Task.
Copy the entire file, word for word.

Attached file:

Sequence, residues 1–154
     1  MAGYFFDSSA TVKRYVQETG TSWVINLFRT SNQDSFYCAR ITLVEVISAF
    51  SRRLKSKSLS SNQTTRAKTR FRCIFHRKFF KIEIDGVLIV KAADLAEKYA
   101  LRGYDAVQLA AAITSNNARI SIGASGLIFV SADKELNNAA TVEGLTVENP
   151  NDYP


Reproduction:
Sequence, residues 1–154
     1  MAGYFFDSSA TVKRYVQETG TSWVINLFRT SNQDSFYCAR ITLVEVISAF
    51  SRRLKSKSLS SNQTTRAKTR FRCIFHRKFF KIEIDGVLIV KAADLAEKYA
   101  LRGYDAVQLA AAITSNNARI SIGASGLIFV SADKELNNAA TVEGLTVENP
   151  NDYP